random number generator with a seed you provide on the command line,
then samples 10 random numbers using \ccode{esl\_random()}.
\begin{figure}
\input{cexcerpts/random_example}
\caption{An example of using the random number generator.}
\label{fig:random_example}
\end{figure}
When a \ccode{ESL\_RANDOMNESS} object is created with
\ccode{esl\_randomness\_Create()}, it needs to be given a \emph{seed},
an integer $\geq 0$, which specifies the initial state of the
generator. After a generator is seeded, it is typically never seeded
again. A series of \ccode{esl\_random()} calls generates a
pseudorandom number sequence from that starting point. If you create
two \ccode{ESL\_RANDOMNESS} objects seeded identically, they are
guaranteed to generate the same random number sequence on all
platforms. This makes it possible to reproduce stochastic simulations.
Thus, if you run the example multiple times, you get the same ten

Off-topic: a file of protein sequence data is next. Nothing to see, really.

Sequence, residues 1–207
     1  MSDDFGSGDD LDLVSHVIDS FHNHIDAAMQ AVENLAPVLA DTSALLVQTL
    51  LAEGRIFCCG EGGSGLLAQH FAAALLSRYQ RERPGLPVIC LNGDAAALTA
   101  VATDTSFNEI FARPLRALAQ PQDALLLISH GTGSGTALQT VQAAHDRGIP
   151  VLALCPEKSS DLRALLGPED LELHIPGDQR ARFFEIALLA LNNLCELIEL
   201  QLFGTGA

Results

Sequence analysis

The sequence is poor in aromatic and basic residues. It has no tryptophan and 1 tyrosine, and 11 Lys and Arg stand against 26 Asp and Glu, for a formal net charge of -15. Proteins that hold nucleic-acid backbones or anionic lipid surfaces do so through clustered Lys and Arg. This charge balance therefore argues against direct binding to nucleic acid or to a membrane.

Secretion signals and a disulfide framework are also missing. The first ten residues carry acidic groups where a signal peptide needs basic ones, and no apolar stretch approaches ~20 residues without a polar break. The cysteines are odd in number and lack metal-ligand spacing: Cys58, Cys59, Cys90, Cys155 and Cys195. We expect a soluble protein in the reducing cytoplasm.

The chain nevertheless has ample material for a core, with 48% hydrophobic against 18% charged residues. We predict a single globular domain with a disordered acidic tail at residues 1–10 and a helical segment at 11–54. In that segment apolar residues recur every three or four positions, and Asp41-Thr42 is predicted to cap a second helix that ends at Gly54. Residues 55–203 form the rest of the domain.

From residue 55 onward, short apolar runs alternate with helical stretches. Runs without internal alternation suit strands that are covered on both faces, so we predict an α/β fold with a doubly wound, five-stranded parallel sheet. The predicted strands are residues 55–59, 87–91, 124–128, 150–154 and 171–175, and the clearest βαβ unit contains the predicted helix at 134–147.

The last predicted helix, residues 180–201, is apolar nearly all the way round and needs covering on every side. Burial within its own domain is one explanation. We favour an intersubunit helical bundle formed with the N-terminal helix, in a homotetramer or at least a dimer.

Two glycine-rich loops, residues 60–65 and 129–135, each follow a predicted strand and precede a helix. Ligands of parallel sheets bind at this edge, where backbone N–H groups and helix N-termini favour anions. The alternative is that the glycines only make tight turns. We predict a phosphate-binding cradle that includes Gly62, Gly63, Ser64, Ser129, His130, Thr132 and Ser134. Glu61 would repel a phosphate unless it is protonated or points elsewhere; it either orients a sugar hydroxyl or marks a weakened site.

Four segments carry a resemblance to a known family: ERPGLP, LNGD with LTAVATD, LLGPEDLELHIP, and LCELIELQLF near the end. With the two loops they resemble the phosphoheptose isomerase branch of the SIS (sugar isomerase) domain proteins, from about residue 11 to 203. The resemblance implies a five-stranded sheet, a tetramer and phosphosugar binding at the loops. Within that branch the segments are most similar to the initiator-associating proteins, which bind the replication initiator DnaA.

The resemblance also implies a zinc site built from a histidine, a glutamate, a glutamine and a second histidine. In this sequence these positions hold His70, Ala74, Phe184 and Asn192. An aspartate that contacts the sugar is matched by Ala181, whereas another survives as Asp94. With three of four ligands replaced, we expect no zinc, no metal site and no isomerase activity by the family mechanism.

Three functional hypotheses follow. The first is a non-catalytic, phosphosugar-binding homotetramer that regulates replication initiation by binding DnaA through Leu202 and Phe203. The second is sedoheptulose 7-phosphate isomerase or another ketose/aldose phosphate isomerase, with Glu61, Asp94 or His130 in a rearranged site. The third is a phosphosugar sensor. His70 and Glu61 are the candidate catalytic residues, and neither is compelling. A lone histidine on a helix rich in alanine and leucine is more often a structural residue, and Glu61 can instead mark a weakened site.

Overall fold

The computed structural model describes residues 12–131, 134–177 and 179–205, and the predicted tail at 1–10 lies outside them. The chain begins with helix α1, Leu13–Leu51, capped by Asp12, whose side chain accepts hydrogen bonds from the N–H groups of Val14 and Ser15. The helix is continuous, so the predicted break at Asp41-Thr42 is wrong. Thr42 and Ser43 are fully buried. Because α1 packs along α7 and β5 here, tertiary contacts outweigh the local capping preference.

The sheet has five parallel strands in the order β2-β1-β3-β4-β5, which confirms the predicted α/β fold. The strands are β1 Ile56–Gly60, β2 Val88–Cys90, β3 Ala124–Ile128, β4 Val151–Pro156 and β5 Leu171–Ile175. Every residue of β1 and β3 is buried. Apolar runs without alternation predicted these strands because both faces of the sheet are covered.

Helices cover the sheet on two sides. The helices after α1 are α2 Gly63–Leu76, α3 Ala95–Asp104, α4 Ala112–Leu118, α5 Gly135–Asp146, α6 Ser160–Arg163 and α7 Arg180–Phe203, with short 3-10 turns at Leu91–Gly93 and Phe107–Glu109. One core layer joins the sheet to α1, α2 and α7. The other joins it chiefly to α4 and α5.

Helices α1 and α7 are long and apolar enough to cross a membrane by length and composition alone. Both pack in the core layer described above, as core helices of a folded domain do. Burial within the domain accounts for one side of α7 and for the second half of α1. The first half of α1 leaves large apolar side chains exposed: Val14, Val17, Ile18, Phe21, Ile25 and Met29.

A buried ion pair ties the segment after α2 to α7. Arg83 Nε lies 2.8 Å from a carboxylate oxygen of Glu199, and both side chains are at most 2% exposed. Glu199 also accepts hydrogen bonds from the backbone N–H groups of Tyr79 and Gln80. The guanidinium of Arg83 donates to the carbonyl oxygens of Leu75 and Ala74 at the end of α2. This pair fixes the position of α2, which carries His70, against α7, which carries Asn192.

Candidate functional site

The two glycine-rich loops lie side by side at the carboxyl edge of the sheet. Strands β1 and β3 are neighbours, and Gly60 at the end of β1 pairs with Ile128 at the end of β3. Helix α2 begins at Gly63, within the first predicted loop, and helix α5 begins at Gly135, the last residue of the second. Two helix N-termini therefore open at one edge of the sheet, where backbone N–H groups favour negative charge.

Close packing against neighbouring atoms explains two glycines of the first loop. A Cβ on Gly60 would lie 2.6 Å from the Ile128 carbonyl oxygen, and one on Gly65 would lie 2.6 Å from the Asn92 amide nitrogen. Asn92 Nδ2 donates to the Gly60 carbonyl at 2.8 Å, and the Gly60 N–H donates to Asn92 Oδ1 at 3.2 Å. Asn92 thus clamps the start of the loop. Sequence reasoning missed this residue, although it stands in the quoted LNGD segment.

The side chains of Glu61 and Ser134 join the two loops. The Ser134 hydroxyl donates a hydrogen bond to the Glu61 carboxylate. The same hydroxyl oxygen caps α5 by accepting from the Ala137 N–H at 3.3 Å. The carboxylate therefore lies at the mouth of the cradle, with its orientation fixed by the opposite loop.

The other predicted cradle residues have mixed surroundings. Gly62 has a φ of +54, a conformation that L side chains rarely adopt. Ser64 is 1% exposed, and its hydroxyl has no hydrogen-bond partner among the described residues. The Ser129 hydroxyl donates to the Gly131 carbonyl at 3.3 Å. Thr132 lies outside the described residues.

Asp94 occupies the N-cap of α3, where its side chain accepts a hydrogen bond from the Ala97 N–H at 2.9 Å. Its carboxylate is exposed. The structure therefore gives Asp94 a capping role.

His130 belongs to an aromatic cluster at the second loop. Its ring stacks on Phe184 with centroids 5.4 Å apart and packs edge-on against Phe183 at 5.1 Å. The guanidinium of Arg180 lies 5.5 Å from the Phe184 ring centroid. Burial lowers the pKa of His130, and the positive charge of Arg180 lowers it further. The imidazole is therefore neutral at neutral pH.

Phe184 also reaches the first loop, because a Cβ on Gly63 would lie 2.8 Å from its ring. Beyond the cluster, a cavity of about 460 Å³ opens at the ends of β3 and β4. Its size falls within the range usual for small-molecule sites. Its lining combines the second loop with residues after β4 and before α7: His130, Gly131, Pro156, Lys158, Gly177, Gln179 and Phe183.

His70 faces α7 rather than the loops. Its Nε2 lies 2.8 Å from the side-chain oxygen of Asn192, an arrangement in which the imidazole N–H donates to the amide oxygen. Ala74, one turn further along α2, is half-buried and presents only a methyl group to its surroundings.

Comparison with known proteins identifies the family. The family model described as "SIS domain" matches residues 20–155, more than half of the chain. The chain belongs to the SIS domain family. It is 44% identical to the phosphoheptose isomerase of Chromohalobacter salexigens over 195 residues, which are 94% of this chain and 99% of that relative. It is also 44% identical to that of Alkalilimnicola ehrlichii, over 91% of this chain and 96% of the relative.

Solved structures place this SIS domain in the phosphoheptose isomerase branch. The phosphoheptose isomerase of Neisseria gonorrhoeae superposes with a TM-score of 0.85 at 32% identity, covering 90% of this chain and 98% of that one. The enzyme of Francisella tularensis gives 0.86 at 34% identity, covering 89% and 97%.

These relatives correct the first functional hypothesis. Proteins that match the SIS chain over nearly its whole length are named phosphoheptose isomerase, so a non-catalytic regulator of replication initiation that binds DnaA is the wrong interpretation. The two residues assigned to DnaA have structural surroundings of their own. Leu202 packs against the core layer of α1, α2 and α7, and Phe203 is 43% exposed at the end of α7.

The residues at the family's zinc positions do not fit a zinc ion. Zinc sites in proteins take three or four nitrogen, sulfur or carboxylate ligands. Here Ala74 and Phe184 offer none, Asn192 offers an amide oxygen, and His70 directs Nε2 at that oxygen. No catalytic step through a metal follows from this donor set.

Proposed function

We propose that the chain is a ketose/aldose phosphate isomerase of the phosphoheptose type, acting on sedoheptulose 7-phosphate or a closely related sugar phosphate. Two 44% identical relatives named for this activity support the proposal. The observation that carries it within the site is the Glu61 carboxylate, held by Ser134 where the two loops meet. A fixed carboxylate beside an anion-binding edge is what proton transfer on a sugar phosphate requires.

numbers, because the generator is always seeded with 42.
Often one wants different runs to generate different random number
sequences, which creates a chicken and the egg problem: how can we
select a pseudorandom seed for the pseudorandom number generator?
Calling \ccode{esl\_randomness\_Create(0)} (i.e., a seed argument of
0) causes Easel to select an arbitrary seed. The arbitrary seed is
constructed by a combination of the current wall clock time (in
seconds), the elapsed cpu time since starting the program (in
milliseconds or microseconds), and (if available) the process
id.\footnote{Specifically, by a bitwise mixing function that combines
input from \ccode{time()}, \ccode{clock()}, and \ccode{getpid()}. On
some platforms, \ccode{getpid()} is not available, and an arbitrary
constant is used instead; on those platforms, arbitrary seeds are a
little less arbitrary, but are still quite randomly distributed. It
is improbable to get two generators with the same arbitrary seed; to
try, you would have to start two generators in the same process at
the same time.} Two different \ccode{ESL\_RANDOMNESS} objects
created this way are expected to always produce different pseudorandom
number sequences.